Meet the Member: Christopher Foulkes

Christopher Foulkes started drinking wine at a rather early age and writing about it in the 1970s, but it is his role as a publisher in the world of wine books that has perhaps brought him the greatest recognition in the industry today. Having published over 40 wine books worldwide, he is certainly one of the most experienced in the field. Amanda Barnes interviews him about his experience in the industry and his waterborne passions. Christopher has recently rejoined the Circle, and was previously a Committee member three times and Chairman of the Circle from 1990-92. Welcome back Chris.


What’s your earliest memory in wine?

That would be a white with dinner at a hotel in Freiburg, in Baden, southwestern Germany, when I was 12. It was fresh, bright and dry, yet fruity. You could drink it forever – a bad plan at any time, especially at the age of 12. Sadly, I didn’t take note of what it was.

What brought you into the world of publishing wine books?

Back in the late 1970s, I started writing a wine column for the group of London weekly papers I edited. I escaped from journalism into publishing when Mitchell Beazley hired me to run a team creating illustrated books. I kept my wine column going on the side, and gave Hugh Johnson a bit of help with the annual Pocket Wine Book. Soon, I found myself running the wine book department, a job I held for 11 years, over which time we created more than 40 books that sold worldwide.

What do you think are the greatest challenges in the world of wine books today?

The same as ever: wine books cost a lot to create, if they are going to be any good, and go out of date quickly. As well as talented and expert authors, you need top editors and designers, and maps, and other images – it all costs more than most publishers are used to spending.

And some of the greatest opportunities?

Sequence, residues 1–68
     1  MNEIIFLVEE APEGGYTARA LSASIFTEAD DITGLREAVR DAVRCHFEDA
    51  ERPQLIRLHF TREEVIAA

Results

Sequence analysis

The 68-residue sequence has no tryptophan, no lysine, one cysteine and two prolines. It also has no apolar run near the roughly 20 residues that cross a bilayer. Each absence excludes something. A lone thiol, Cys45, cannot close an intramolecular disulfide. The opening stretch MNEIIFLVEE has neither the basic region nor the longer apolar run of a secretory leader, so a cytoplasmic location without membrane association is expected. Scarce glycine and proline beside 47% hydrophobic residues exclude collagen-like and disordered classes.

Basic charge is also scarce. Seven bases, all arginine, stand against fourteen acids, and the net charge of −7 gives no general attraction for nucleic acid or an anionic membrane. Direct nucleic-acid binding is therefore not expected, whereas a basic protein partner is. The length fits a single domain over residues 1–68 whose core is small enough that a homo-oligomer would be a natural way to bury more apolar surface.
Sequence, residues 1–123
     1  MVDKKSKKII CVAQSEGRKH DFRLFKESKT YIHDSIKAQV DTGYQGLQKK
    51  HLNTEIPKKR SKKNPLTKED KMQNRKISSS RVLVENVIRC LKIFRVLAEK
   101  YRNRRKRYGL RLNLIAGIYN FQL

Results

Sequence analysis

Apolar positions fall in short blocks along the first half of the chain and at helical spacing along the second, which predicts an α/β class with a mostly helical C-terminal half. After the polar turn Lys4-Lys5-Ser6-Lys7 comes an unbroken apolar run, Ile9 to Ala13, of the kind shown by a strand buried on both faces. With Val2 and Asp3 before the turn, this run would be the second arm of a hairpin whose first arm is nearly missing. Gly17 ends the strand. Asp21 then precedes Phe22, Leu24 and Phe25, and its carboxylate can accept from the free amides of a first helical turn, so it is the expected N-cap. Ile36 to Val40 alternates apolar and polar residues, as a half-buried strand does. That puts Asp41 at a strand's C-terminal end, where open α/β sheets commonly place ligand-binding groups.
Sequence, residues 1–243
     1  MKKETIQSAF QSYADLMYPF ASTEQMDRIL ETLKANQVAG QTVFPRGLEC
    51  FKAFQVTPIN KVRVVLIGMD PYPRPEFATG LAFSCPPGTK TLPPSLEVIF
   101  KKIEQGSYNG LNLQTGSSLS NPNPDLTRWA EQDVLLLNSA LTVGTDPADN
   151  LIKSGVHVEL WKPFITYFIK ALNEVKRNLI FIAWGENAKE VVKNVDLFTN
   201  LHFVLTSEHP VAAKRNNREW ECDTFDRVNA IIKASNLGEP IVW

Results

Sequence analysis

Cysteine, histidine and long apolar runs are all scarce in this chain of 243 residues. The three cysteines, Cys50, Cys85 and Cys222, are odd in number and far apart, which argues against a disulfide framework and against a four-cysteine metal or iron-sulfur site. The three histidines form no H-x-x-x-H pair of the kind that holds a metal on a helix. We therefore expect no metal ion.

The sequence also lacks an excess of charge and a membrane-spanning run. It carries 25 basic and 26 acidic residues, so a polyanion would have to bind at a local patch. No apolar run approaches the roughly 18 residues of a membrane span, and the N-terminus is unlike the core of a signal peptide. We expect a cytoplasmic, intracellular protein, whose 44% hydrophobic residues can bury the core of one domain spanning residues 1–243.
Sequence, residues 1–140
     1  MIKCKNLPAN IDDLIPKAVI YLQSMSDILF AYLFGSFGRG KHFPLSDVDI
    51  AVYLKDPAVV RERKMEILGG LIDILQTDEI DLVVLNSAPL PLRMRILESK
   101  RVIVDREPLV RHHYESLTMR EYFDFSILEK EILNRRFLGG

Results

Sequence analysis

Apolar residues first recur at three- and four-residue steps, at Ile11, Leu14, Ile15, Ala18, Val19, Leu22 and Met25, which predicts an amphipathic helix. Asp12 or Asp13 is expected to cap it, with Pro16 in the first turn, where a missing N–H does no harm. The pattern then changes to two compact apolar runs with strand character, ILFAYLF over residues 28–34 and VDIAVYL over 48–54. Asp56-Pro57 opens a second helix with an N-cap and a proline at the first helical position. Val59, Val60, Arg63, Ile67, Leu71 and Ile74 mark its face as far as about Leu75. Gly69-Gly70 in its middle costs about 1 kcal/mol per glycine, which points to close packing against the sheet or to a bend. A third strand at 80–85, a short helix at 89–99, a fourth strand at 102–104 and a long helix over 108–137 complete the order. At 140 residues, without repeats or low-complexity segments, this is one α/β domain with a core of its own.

Get it right, and you tap into a seemingly limitless thirst for expert judgment, detail and knowledge. Wine geeks are everywhere: our latest book is selling, in bulk, from Taiwan to Iceland. This international dimension allows us to cover the heavy up-front costs. And you need to be entrepreneurial, to go out and find the readers, often through new channels.

What other markets or niches are you exploring for wine book publishing?

Ebooks are enormous fun to create: we turned Inside Burgundy into interactive eBooks on the Apple platform, and we reckon there’s much more to explore in this format. Finally, we can break free of the flat piece of paper and do things like zooming into maps and embedding video.

Then, there are translations. At Mitchell Beazley, our wine books went into a dozen languages, and I’d love to see Chinese editions of our current titles, really well done by people who understand the subject. I’d very much like to connect with other publishers and writers to see if we can build shared knowledge. Looking back, it took a decade to get wine literature into Japanese – the late Michael Broadbent worked with an expert translator in Japan to devise a vocabulary of tasting terms from scratch. I feel we need a similar effort for China, and I am quite clear it must be a collaboration – no one publisher can hope to manage it.

When you aren’t working on wine literature, what do you most enjoy doing?

Messing about with, and occasionally sailing, our elderly wooden boat. We – my partner Carrie Segrave and I – find that when sailing, you are far too absorbed to think about work.